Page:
The great white shark and the saltwater crocodile are ferocious marine beasts often compared to their strength and bite force. Who would most likely win if you put a saltwater crocodile and a great white shark between a match? Technically, it still depends on many factors, but the battlefield will certainly be chaotic, whatever may be the result. 

Bite force is measured pound for pound concerning a creature’s size. Saltwater crocodiles possess the most powerful bite of any crocodile species, and their bite is comparable to that of a T-rex. Saltwater crocodiles top the world’s deadliest animals, killing between 3,000 and 5,000 people each year. The bite force of the saltwater crocodile is the strongest of all creatures, measuring 3,700 psi for an average 17-foot species. Surprisingly, the same scientist extrapolated this data to reveal that prehistoric crocodiles reaching 40 feet would have a bite force of 23,000 PSI. However, considering their size and teeth difference, a great white shark would defeat a saltwater crocodile in a fight. Although these lethal animals are extremely powerful, the great white shark has a significant advantage in the water. This animal would not only be the first to see the crocodile, but it also possesses the quickness to deliver a crushing attack.

Can a Shark Jaw Crush Humans?

A shark’s jaws are large enough to swallow a human whole.

Igor Kovalchuk/Shutterstock.com

Shark jaws are massive, measuring about one meter (three feet) in breadth and lined with hundreds of tiny teeth. That’s large enough to swallow at least one human being whole. While sharks seem to be enormous and ferocious enough to eat you, the truth is they will most likely avoid humans than confront them.  

Despite this, a great white’s massive size and terrifying bite make it one of the deadliest shark species. The United States has the most shark attacks globally, and where great whites are responsible for more attacks than any other shark species. However, the majority are not fatal. Over 300 great white attacks have been documented throughout history, with approximately 16% being fatal. 

Not all shark species are ferocious enough to be a threat to humans, though. Some species may be large enough but can’t devour even larger marine vertebrates. Although whale sharks and basking sharks are among the largest shark species, they are not harmful if encountered in the sea. Despite their massive size and mouths, these sharks are filter feeders like many whales, and eat plankton and tiny krill or small fish. Whale sharks are relatively calm fish that have been known to let divers ride on their dorsal fins. In fact, there are some places where you can swim with them, like in the Philippines, where swimming with whale sharks is an optional adventure.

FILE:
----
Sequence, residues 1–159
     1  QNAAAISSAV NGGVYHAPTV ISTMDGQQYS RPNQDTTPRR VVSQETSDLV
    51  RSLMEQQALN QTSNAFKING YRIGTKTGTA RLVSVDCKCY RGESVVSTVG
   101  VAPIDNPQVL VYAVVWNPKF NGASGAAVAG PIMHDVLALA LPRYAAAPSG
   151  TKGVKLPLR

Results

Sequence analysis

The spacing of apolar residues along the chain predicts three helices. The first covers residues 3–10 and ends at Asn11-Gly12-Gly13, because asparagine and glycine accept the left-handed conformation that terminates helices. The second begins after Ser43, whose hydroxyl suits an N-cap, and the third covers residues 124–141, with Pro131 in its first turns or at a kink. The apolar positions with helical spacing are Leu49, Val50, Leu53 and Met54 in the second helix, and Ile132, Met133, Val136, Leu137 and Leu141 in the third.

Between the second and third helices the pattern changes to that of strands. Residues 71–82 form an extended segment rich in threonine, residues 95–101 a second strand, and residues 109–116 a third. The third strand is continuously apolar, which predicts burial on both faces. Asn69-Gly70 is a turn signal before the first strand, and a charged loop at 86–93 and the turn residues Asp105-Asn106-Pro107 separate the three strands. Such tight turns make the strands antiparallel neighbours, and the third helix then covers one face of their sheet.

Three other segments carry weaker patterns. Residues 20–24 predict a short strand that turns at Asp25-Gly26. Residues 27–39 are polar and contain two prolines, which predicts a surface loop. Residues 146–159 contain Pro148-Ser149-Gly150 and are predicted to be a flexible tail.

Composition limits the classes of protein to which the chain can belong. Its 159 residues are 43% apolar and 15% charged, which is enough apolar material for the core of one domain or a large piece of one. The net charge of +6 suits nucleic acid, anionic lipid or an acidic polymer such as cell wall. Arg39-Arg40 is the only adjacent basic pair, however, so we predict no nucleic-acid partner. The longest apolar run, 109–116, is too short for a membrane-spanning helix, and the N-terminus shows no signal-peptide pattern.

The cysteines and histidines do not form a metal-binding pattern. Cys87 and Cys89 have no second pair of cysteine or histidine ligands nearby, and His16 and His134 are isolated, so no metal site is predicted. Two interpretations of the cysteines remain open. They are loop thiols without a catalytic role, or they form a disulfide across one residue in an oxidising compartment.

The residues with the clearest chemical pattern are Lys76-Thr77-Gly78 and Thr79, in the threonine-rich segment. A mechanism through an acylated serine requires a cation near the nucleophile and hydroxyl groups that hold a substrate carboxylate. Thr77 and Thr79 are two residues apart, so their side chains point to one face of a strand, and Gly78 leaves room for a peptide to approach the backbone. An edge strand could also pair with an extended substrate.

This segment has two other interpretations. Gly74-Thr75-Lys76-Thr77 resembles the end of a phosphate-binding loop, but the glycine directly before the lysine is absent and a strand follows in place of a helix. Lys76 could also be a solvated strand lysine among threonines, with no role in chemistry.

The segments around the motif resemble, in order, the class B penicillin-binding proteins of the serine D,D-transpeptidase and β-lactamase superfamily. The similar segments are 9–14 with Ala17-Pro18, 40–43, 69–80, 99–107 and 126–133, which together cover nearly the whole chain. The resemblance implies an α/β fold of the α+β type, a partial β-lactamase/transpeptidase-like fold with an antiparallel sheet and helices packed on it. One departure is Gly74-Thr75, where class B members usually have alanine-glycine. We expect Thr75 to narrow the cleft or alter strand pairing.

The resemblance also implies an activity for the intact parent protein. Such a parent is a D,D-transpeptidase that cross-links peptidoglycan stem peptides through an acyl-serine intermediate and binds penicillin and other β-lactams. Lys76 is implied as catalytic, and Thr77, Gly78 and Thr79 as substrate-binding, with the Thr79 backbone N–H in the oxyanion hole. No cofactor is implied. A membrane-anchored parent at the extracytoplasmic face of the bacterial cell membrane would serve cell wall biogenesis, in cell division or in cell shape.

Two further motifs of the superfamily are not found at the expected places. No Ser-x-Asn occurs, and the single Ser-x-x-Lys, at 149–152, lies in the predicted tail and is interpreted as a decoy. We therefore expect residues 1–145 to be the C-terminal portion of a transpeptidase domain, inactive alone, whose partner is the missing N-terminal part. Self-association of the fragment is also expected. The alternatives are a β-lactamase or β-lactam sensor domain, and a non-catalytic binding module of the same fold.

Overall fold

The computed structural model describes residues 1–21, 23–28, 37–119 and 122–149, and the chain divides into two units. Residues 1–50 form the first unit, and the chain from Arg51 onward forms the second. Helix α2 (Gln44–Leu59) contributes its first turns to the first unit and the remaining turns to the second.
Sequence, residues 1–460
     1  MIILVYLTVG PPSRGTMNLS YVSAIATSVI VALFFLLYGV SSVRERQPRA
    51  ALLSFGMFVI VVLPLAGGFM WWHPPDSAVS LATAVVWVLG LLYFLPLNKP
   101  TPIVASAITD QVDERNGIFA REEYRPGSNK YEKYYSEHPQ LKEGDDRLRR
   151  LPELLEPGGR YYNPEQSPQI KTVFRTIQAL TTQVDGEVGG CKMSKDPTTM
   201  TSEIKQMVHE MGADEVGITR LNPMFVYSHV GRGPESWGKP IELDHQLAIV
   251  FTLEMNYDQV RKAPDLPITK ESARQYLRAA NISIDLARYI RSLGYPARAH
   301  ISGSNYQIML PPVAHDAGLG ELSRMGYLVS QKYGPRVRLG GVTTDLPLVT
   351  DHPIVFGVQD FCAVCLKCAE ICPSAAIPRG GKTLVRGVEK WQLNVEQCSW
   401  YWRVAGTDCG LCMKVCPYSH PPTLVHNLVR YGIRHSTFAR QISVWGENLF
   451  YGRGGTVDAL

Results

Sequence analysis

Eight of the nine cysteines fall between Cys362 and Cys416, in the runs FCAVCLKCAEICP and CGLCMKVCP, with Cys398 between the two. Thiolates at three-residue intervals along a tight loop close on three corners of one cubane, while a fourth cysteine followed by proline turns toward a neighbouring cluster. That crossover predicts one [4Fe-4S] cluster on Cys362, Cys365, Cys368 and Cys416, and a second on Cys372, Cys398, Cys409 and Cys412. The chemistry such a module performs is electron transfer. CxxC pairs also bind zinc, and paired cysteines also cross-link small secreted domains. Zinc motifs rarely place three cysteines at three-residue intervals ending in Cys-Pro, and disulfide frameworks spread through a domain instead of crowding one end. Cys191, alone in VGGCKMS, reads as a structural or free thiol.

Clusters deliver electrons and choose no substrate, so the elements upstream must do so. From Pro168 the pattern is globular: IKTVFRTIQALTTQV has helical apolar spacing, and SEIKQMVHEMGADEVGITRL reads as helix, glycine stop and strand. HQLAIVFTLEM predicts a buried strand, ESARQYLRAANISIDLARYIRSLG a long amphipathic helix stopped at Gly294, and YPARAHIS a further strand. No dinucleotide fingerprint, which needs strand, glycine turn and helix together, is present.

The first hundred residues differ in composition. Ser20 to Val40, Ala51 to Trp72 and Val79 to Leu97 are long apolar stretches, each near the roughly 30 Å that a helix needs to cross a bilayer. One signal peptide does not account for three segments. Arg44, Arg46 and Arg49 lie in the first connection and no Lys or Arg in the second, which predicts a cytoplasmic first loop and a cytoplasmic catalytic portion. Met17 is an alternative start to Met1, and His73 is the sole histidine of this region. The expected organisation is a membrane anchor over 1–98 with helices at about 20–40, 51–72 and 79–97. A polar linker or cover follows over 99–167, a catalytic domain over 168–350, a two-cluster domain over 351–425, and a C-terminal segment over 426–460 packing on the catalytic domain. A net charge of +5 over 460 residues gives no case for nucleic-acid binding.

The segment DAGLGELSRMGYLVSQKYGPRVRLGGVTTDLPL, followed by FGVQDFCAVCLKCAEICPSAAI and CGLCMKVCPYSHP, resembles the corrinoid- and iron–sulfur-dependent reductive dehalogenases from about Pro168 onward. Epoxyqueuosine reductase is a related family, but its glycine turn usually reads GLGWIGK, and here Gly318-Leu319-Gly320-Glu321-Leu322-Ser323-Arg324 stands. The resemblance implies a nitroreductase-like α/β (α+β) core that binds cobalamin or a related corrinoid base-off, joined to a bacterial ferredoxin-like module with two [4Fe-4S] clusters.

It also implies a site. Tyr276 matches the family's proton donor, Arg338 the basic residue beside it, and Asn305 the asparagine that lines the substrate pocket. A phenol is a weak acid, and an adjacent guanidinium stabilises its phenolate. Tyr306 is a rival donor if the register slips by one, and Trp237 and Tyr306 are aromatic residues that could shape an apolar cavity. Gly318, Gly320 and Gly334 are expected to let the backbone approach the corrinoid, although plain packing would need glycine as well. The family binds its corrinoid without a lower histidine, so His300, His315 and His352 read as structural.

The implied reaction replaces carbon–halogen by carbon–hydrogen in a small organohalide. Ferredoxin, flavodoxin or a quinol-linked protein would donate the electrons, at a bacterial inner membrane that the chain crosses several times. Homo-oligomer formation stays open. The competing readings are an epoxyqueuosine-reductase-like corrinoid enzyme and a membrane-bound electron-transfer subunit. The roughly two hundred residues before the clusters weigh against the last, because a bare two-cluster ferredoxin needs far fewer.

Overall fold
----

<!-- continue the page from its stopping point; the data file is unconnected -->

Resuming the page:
Which Shark Has the Strongest Bite Force?

After saltwater crocodiles, great white sharks are widely regarded as possessing the world’s second strongest biting force. However, there has recently been some debate regarding whether great white sharks or bull sharks have the strongest biting force. Although great whites are normally larger than bull sharks and so have a larger bite, pound for pound, bull sharks may have the edge. A direct comparison revealed that a 9-foot-long bull shark bit 478 pounds, while an 8-foot-long great white bit 360 pounds. 

Bull sharks have a 6,000-newton bite force, which is approximately 1,300 pounds of force. (Human bite forces range from 247 to 292 lbs.) They have no appetite for humans, although they usually flee once they realize it’s not their usual food if they attack. Having said that, bull shark hostility has resulted in 117 human attacks, 25 of which were deadly.

Furthermore, bull sharks have more teeth than regular sharks, causing their bite to be slightly stronger than great whites. This demonstrates that bull sharks have a more powerful bite, pound for pound. This is thought to be because bull sharks frequently feed in murky water, which means they don’t want to lose their food when they bite it. So, unlike great white sharks, which rend and tear their food, they’re not going anywhere once they sink their teeth in.

What Sharks Have the Strongest Jaws?

The great white shark and bull shark constantly battle for the top spot. However, many other sharks deserve the spotlight. The tiger shark, for instance, is among the most terrifying and dangerous shark species. With a bite force of 325 PSI, it can certainly do enough damage to humans and other marine creatures. Their powerful bite force allows them to quickly smash through the flesh of their prey, such as fish, birds, seals, turtles, dolphins, squid, crustaceans, and even sea snakes